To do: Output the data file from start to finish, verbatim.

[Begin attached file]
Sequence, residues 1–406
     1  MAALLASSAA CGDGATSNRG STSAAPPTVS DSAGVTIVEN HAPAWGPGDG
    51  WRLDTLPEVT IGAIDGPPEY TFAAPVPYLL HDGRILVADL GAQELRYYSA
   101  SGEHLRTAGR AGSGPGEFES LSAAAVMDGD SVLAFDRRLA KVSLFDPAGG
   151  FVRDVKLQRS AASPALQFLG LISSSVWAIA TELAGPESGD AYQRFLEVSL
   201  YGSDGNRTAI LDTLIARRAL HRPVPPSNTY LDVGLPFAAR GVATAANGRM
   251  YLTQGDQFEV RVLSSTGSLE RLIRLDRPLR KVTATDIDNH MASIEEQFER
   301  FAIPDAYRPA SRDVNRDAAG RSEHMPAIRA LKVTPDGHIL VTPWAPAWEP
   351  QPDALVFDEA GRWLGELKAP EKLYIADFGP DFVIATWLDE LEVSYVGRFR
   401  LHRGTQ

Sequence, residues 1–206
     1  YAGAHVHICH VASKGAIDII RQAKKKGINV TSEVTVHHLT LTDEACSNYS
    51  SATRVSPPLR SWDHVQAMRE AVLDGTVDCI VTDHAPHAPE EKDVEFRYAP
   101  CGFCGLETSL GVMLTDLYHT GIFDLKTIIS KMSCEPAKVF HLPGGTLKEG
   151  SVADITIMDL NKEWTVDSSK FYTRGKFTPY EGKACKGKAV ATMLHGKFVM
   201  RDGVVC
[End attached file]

Sequence, residues 1–406
     1  MAALLASSAA CGDGATSNRG STSAAPPTVS DSAGVTIVEN HAPAWGPGDG
    51  WRLDTLPEVT IGAIDGPPEY TFAAPVPYLL HDGRILVADL GAQELRYYSA
   101  SGEHLRTAGR AGSGPGEFES LSAAAVMDGD SVLAFDRRLA KVSLFDPAGG
   151  FVRDVKLQRS AASPALQFLG LISSSVWAIA TELAGPESGD AYQRFLEVSL
   201  YGSDGNRTAI LDTLIARRAL HRPVPPSNTY LDVGLPFAAR GVATAANGRM
   251  YLTQGDQFEV RVLSSTGSLE RLIRLDRPLR KVTATDIDNH MASIEEQFER
   301  FAIPDAYRPA SRDVNRDAAG RSEHMPAIRA LKVTPDGHIL VTPWAPAWEP
   351  QPDALVFDEA GRWLGELKAP EKLYIADFGP DFVIATWLDE LEVSYVGRFR
   401  LHRGTQ

Sequence, residues 1–206
     1  YAGAHVHICH VASKGAIDII RQAKKKGINV TSEVTVHHLT LTDEACSNYS
    51  SATRVSPPLR SWDHVQAMRE AVLDGTVDCI VTDHAPHAPE EKDVEFRYAP
   101  CGFCGLETSL GVMLTDLYHT GIFDLKTIIS KMSCEPAKVF HLPGGTLKEG
   151  SVADITIMDL NKEWTVDSSK FYTRGKFTPY EGKACKGKAV ATMLHGKFVM
   201  RDGVVC